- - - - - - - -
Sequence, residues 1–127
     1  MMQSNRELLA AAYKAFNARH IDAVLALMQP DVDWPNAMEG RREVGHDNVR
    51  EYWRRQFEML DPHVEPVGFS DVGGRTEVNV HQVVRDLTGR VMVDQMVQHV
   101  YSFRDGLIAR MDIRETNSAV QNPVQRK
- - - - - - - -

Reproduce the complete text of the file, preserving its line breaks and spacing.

Sequence, residues 1–127
     1  MMQSNRELLA AAYKAFNARH IDAVLALMQP DVDWPNAMEG RREVGHDNVR
    51  EYWRRQFEML DPHVEPVGFS DVGGRTEVNV HQVVRDLTGR VMVDQMVQHV
   101  YSFRDGLIAR MDIRETNSAV QNPVQRK